Ministers have been accused of failing to properly investigate allegations of fraud in Government welfare-to-work schemes including those run by Sheffield-based A4e.
The Commons Public Accounts Committee said the Department for Work and Pensions had missed ‘vital evidence’ of potential fraud in the provider.
The overseeing of outside contractors was said to have been insufficient and cases of alleged fraud overlooked because officials had not ‘asked the right questions.’
In the case of A4e, the committee said the Department for Work and Pensions failed to obtain internal audit reports from 2009 which referred to a ‘considerable number’ of cases of alleged fraud and malpractice.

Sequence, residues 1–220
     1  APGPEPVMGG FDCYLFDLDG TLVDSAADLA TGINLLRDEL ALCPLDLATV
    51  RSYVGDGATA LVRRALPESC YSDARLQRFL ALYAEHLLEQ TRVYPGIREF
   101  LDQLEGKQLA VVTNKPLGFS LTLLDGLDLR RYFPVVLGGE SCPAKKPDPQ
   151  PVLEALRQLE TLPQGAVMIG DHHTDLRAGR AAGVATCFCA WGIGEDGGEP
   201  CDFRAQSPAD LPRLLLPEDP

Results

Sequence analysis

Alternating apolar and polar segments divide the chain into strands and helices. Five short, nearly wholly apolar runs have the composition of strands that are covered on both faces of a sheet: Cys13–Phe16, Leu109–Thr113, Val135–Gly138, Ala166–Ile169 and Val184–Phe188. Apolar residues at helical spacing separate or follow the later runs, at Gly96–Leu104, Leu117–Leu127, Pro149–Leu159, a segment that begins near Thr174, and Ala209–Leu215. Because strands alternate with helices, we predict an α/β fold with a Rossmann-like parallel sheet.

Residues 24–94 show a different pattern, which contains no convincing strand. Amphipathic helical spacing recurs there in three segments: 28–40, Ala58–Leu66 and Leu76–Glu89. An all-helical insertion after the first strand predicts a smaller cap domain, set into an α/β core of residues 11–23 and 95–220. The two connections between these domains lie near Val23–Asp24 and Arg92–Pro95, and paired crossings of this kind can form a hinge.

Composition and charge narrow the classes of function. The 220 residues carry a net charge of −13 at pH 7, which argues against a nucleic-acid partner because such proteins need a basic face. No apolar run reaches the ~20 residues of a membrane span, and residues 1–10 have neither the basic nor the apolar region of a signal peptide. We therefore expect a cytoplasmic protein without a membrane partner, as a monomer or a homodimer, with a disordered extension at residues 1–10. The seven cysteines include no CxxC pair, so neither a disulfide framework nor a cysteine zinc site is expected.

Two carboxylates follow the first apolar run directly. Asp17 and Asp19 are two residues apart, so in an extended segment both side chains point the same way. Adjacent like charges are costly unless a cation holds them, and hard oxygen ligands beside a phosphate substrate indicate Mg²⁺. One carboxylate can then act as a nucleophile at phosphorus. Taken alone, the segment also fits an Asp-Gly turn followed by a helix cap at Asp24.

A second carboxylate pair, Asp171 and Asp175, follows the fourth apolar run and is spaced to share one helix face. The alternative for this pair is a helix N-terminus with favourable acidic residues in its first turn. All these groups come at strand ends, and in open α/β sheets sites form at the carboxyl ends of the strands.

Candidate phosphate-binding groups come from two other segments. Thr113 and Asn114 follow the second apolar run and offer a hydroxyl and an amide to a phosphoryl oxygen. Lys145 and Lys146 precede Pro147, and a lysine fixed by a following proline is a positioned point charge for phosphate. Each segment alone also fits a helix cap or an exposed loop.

Founder Emma Harrison quit the firm and a post as Government family champion in February, amid claims of problems at A4e.
The DWP launched an inquiry into controls which saw one contract being cancelled.
But the committee said it had not addressed whether A4e was a ‘fit and proper’ company to carry out such work.
The committee said: “The department’s arrangements for overseeing and managing its contractors did not pick up vital evidence about potential frauds.
“Investigations of alleged fraud that the department has carried out have not been sufficiently thorough.”
A DWP spokesman said cases of fraud referred to ‘previous Government schemes’, and it had been made clear to the committee that ‘the toughest anti-fraud measures ever’ were included in a new scheme.
“We have learned from experience to ensure taxpayers are no longer exposed to bills without guaranteed results.”